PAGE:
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Trump And Kim's Second Nuclear Summit Ends With No Deal

President Trump speaks as Secretary of State Mike Pompeo looks on during a news conference following the summit in Hanoi, Vietnam. Trump's second summit with Kim Jong Un collapsed Thursday without an agreement between the two leaders.
SeongJoon Cho
Bloomberg via Getty Images
President Trump speaks as Secretary of State Mike Pompeo looks on during a news conference following the summit in Hanoi, Vietnam. Trump's second summit with Kim Jong Un collapsed Thursday without an agreement between the two leaders.

Updated at 2:52 p.m. ET

President Trump and North Korean leader Kim Jong Un left their summit meeting on Thursday in Hanoi, Vietnam, without agreeing on a denuclearization deal. A planned signing ceremony was canceled.

The biggest sticking point was sanctions against North Korea, Trump said at a news conference Thursday afternoon local time. Kim is "totally" willing to dismantle nuclear weapons in key areas, such as the Yongbyon nuclear facility, but the North Korean leader wants all sanctions removed first, Trump said. "We couldn't do that."

Unable to come to an agreement, the two leaders decided to end the summit early. "Sometimes you have to walk, and this was just one of those times," Trump said.

Trump meets with Kim in Hanoi. No deal was reached.
Evan Vucci / AP
Trump meets with Kim in Hanoi. No deal was reached.

But at around midnight, North Korea's government called a rare news conference of its own in which it refuted key details of Trump's version of events.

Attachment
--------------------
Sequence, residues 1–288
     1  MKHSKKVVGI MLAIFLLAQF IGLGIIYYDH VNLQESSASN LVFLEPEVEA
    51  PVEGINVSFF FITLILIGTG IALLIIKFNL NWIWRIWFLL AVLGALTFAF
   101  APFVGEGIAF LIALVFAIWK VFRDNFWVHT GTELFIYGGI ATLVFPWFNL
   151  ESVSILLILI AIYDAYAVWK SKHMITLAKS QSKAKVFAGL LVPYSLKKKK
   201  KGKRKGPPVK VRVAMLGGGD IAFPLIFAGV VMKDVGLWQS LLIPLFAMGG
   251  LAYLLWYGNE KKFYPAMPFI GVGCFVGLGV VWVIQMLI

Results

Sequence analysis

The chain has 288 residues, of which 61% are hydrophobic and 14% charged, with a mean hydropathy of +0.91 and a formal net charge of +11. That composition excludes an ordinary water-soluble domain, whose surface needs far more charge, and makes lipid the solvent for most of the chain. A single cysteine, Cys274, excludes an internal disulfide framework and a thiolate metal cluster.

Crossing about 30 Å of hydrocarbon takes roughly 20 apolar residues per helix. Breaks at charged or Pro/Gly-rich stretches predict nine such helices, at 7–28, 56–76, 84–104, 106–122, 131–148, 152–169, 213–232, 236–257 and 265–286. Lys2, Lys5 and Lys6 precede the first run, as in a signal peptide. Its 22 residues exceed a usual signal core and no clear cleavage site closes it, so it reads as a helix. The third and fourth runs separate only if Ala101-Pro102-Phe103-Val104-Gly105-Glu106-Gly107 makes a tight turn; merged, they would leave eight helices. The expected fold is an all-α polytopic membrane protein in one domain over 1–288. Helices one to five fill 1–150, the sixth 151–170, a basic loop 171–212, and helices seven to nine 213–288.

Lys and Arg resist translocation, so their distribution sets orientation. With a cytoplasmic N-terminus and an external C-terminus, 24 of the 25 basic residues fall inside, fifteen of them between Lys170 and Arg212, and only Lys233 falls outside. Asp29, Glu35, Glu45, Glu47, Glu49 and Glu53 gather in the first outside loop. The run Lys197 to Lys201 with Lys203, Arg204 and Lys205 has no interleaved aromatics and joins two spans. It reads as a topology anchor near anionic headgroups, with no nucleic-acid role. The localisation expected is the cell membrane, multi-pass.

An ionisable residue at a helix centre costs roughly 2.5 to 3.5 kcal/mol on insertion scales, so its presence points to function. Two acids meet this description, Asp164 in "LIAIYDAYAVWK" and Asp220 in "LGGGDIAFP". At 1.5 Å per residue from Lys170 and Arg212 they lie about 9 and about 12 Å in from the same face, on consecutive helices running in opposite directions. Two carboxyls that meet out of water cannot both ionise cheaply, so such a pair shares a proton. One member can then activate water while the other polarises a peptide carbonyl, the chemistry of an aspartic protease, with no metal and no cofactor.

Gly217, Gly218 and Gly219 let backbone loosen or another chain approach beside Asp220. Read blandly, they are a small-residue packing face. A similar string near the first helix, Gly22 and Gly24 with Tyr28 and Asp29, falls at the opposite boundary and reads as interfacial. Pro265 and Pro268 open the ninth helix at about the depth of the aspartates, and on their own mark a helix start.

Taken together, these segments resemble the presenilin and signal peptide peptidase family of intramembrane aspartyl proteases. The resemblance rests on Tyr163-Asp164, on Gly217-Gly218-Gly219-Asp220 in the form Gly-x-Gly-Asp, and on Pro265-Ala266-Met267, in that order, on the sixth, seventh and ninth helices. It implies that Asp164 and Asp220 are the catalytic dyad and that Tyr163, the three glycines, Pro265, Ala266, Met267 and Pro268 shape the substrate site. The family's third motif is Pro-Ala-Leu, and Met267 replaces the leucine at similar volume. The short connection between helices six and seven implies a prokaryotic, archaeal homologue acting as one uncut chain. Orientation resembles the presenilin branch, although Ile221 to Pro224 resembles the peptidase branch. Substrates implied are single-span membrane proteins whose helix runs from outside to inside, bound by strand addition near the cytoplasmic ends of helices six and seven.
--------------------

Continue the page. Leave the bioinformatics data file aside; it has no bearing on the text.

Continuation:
North Korean Foreign Minister Ri Yong Ho said his government had asked only for a partial lifting of sanctions. In exchange, he said, "We will permanently and completely dismantle all the nuclear material production facilities in the Yongbyon area, including plutonium and uranium."

Ri added that international inspectors could verify the dismantlement of Yongbyon. In addition, he said that the North would offer a permanent freeze on nuclear and long-range missile testing.

Thursday afternoon Eastern time, the White House said it was aware of North Korea's reaction but did not immediately provide comments on it.

The countries have not announced a schedule for when negotiations might resume.

Secretary of State Mike Pompeo told reporters aboard his plane "we haven't set a date" for the next working-level meeting.

President Trump spoke to South Korean President Moon Jae-in and Japanese Prime Minister Abe during his flight from Hanoi to Anchorage, Alaska, saying the administration would "continue the conversations" with North Korea and coordinate closely with allies, according to White House press secretary Sarah Huckabee Sanders.

During his news conference earlier in the day, Trump said he could have signed a deal with North Korea, but neither he nor Pompeo would have been happy with it. "I could have 100 percent signed something today. We actually had papers ready to be signed. But it just wasn't appropriate. I want to do it right. I'd much rather do it right than do it fast."

Pompeo said the U.S. had asked Kim to "do more," but he was "unprepared to do that." It's a "very complex problem" that will take time, Pompeo said. They now know what some of the limits and challenges are, and he hopes that they could ultimately achieve denuclearization of the Korean peninsula, which he said is "what the world wants."